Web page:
The year after had as its consuls Postumius1
Cominius and Titus Largius.
In this year, during the celebration of the games at Rome, the Sabine youths, in a spirit of wantonness, forcibly abducted certain harlots. Men gathered hastily and there was a brawl which was almost a battle, and, trifling as its origin was, it seemed to threaten a fresh outbreak of the war.2
Besides the Sabine peril, it was generally known that the thirty Latin cities had already conspired, at the instigation of Octavius Mamilius.
These grave apprehensions having occasioned a general anxiety, the appointment of a dictator was suggested, for the first time. But there is no general agreement as to the year, or which consuls were distrusted as being of the Tarquinian faction —for this is included in the tradition —or who it was that was first named dictator.
In the oldest writers, however, I find it said that Titus Largius was the first to be made dictator, and that Spurius Cassius was [p. 277]
master of the horse. They chose men of consular3
rank, for so the law prescribed which had been passed to regulate the selection of a dictator.
I am therefore the more disposed to believe that Largius, a consular, rather than Manius Valerius, the son of Marcus and grandson of Volesus, a man who had not yet held the consulship, was assigned to be the director and superior of consuls;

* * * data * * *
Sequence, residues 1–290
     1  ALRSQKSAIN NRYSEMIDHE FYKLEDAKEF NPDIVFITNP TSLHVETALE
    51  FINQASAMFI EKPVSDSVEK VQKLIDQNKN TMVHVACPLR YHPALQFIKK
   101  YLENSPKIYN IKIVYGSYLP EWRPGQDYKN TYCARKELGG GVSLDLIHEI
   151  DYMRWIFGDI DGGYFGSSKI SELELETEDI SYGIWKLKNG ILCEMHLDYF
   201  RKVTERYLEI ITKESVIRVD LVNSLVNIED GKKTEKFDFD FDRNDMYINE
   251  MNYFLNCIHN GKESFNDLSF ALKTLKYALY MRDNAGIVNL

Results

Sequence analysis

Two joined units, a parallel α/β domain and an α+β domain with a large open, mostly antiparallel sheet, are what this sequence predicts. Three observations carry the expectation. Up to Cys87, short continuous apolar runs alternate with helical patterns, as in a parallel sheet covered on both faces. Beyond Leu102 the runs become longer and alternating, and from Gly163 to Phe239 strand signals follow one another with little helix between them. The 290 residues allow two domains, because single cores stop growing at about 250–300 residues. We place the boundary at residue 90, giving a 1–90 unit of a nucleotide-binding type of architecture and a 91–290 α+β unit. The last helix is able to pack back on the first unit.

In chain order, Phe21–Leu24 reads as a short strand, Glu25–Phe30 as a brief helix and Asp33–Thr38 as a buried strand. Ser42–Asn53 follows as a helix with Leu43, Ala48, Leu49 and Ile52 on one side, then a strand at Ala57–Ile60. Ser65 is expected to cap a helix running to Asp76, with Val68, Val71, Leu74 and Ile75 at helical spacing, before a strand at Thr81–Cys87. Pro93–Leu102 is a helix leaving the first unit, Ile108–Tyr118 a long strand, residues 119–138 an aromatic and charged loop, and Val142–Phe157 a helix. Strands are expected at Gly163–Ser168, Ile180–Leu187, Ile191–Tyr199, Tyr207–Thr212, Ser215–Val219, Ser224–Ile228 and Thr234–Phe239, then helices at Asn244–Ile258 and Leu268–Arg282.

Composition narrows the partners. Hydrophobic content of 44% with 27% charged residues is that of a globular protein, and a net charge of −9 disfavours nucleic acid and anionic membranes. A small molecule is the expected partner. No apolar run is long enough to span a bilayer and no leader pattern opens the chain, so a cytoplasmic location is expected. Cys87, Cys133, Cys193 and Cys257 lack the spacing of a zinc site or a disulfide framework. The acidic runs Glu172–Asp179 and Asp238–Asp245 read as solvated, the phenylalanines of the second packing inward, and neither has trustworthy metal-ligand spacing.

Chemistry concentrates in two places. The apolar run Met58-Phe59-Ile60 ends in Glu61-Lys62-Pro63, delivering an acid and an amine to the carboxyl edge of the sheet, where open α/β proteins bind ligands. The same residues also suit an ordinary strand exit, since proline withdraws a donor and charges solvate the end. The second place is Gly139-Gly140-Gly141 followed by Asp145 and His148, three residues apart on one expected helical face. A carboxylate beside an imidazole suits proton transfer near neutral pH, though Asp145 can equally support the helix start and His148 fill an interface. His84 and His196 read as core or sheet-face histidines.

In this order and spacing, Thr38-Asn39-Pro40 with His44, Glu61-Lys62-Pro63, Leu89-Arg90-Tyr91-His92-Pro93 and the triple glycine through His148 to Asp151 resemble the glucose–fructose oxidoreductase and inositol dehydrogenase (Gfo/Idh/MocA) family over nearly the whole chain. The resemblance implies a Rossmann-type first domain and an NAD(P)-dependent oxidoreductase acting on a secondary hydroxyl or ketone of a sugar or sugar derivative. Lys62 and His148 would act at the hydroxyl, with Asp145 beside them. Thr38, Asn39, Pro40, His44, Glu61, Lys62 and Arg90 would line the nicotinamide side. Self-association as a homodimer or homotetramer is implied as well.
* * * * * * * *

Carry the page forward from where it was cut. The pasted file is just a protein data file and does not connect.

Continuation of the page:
and indeed if men had been specially desirous of choosing the dictator from that family, they would much sooner have selected Marcus Valerius the father, a man of proven worth and an ex-consul.
When they had named a dictator for the first time at Rome, and men saw the axes borne before him, a great fear came over the plebs and caused them to be more zealous in obeying orders. For there was no recourse in this case, as with the consuls, who shared the powers of their office equally, to the assistance of the man's colleague, nor was there any appeal nor any help anywhere but in scrupulous obedience.4
The Sabines, too, were inspired with fear by the appointment of the dictator, especially since they believed that it was on their account that he had been created.
Accordingly they sent legates to treat for peace. When they requested the dictator and the senate to pardon an error committed by young men, the answer was given that to pardon young men was possible, but not old men who contrived one war after another.
Nevertheless negotiations for peace were begun, and it would have been granted to the Sabines, could they have made up their minds to guarantee, as the Romans demanded, the sum which had been expended for the war. Hostilities were declared, but a tacit truce preserved a state of peace through the year.